Packing Method 101

July 20th, 2010 | Posted by john in At the Walk

I originally planned on writing this post about what I packed for the 3-Day. I thought about it and thought about it and didn’t really think it was that interesting. Don’t get me wrong, there are plenty of people that need some help thinking of what to pack for the 3-Day for the Cure, but I think that there are quite a few sites that have all sorts of lists of what you should bring and it doesn’t really make for much reading. I promised a list last week and I will not go back on what I promised, but I’m going to start off a little differently. I want to start off with how I pack my bag because I think it’s equally important to know how to get all of that stuff into your bag as it is to know what to put in there.


Are You Going to Put a Body in There?

Last year, Ryan Sparks, one of my teammates had this MAMMOTH bag that everyone called the body bag. It was huge and that’s saying something, because I always thought my bag was big. Making sure that you have the right bag for your packing is one of the most important pieces of being able to pack. I prefer a bag with a large main compartment and decent sized front and back compartments. Also, wheels are an absolute must. There is nothing so fantastically bad as finishing a 20 mile walk and then having to lug your bag half a mile to your tent. I may exaggerate when I say half a mile, but after 20, it seems like that.

When I bought my bag a couple of years ago, I had a hard time finding one that I thought was adequate for all of my criteria. I was probably looking in all the wrong stores, but where I ended up was at the luggage section of Academy Sports and Outdoors. I never new there was a luggage section there and it took some looking, but they had several large duffel bags to choose from when I found it. I’m sure that there are plenty of places that I just missed, but if you find that you are having trouble, then take a look there.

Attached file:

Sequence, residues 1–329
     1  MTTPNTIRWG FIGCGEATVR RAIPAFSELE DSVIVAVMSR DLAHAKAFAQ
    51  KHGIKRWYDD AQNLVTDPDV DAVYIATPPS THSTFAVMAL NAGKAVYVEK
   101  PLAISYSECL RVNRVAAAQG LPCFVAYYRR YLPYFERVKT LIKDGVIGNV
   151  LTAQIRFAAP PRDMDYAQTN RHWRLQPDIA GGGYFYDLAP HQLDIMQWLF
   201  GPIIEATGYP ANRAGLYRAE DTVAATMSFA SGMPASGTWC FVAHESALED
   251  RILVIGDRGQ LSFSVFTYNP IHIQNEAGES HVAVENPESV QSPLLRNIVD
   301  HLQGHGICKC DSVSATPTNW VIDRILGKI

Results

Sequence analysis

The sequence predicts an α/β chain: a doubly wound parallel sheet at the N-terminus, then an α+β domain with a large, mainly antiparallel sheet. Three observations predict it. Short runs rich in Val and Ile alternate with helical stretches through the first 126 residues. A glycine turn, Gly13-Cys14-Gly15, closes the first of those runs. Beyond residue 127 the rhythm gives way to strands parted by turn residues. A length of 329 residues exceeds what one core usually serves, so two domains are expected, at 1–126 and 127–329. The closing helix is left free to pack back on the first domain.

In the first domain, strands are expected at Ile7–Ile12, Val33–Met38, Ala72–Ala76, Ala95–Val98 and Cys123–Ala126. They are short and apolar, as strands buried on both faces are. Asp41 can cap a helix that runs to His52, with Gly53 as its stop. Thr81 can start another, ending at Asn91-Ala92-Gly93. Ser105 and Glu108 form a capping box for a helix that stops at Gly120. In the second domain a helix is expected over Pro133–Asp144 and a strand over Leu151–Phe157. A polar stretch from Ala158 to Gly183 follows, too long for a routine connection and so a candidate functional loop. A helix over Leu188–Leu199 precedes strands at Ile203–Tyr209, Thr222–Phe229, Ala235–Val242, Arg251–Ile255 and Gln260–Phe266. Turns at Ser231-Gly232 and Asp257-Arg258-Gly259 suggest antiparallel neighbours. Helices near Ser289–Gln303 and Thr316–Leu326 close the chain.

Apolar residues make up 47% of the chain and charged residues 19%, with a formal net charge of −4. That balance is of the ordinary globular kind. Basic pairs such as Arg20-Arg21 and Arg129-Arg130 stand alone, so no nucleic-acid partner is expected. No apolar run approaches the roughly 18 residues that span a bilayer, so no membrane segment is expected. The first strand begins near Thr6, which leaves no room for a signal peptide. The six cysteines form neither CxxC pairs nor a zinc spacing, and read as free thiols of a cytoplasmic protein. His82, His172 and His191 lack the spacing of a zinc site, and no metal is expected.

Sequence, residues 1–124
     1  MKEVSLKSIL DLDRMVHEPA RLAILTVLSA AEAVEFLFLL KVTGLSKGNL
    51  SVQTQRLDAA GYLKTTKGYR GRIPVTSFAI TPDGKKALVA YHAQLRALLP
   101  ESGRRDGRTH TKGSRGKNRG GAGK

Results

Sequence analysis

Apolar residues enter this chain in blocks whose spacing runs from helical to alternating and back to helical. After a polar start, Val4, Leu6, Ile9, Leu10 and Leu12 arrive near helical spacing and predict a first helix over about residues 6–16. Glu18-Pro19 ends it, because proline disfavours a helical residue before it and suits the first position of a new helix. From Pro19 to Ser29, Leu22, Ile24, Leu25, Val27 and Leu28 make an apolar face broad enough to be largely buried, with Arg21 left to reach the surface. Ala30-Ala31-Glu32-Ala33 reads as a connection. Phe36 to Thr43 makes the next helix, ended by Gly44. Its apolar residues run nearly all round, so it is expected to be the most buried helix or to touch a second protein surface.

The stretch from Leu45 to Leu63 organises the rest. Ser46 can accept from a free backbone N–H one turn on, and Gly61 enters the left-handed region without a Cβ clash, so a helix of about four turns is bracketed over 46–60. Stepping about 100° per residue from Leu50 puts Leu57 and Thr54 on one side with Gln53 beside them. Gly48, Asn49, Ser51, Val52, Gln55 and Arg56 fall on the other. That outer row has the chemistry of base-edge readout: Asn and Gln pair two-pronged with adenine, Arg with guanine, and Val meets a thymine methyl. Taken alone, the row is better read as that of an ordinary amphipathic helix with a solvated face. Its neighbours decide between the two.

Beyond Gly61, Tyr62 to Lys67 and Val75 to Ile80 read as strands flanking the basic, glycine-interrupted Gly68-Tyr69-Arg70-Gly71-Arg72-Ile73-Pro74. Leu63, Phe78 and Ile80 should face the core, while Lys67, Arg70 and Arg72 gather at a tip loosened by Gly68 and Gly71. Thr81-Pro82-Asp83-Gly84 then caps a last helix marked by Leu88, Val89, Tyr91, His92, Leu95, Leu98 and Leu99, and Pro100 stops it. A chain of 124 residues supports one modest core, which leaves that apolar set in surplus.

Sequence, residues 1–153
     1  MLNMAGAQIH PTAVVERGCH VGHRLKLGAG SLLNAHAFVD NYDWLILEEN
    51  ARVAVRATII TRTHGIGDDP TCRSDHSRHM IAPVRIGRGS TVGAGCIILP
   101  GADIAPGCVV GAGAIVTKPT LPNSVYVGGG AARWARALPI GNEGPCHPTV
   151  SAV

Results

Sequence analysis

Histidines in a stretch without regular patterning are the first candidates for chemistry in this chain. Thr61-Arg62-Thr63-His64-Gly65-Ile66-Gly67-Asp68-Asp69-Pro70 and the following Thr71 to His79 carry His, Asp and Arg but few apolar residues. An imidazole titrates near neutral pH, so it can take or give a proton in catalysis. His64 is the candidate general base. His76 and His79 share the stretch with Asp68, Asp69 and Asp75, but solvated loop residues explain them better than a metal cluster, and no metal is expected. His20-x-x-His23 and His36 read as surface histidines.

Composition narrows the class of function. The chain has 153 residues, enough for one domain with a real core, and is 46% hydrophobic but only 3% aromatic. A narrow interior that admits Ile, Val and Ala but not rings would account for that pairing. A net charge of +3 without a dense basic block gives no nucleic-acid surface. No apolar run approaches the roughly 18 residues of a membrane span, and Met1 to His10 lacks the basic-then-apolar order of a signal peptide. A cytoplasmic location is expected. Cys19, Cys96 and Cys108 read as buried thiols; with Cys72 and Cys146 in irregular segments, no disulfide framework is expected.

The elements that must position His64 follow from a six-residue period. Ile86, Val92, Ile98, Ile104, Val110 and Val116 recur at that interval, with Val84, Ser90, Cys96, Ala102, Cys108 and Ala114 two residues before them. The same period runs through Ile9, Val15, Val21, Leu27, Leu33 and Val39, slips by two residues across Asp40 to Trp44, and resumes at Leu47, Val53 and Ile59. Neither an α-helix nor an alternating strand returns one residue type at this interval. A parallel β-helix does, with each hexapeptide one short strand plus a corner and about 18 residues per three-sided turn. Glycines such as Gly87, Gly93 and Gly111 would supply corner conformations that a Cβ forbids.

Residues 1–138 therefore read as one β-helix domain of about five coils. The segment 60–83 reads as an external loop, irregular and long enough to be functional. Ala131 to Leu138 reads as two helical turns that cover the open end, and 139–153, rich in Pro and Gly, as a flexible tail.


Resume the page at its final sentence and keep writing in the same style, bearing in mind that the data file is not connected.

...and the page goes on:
It’s Kind of Like a Nesting Doll

Now that you have your bag, it’s going to feel kind of like you are putting together a strange nesting doll with all of the other types of bags you will be dealing with. Keep in mind that moving forward, just about everything you put in your bag should be in another bag. A plastic bag. Here’s a rundown of the different types of bags that I use:

  • Garbage Bags: great for storing your large items like sleeping bags and air mattresses. If there is not room in your tent to put your duffel bag when you get to camp, you can also use two of these bags to put your duffel in outside of your tent so that it doesn’t get wet over night.
  • Gallon Ziploc Bags: Ziploc has in no way compensated me for talking about them in this post, but if they would like to make a donation, I think it would be great. I use the gallon Ziploc bags to store medium sized items like clothes and toiletries. I recommend the bags with the actual zipper mechanism in them, I’ll explain why later.
  • Sandwich Bags:
  • I use sandwich bags for storing all of the sandwiches that I take on the walk. Not really. I use them for smaller items like electronics: flashlights, battery packs, etc.

Make sure that you have plenty of bags and I always pack an extra few just in case I forgot a bag for something.


You Can’t Go Naked

You will need to pack clothes. That goes without saying. When I pack, I choose to put each walking day of clothes in a separate bag. So, for Saturday I will have a gallon bag with underwear, walking shorts, bra (because I’m wearing one as part of a fund raiser) and if I were wearing a shirt it would also be in there. It may seem like a lot of stuff to put in a gallon bag, but I assure you that it can be done. I did it last night. The key is in the rolling. I roll up everything I can so it takes up the absolute least amount of space. Underwear, great. Shorts, great. If you’re taking a bra with underwire, not so much. Once you have everything in the bag, zip it most of the way up and then squeeze it. As long as it is zipped up most of the way this will squeeze out and keep out most of the air, making the bag take up less space in your duffel, which is a very good thing. When you get to camp, you can pull out the bag for the day and keep it in the tent with you overnight so that in the morning you are ready to go without having to search for anything.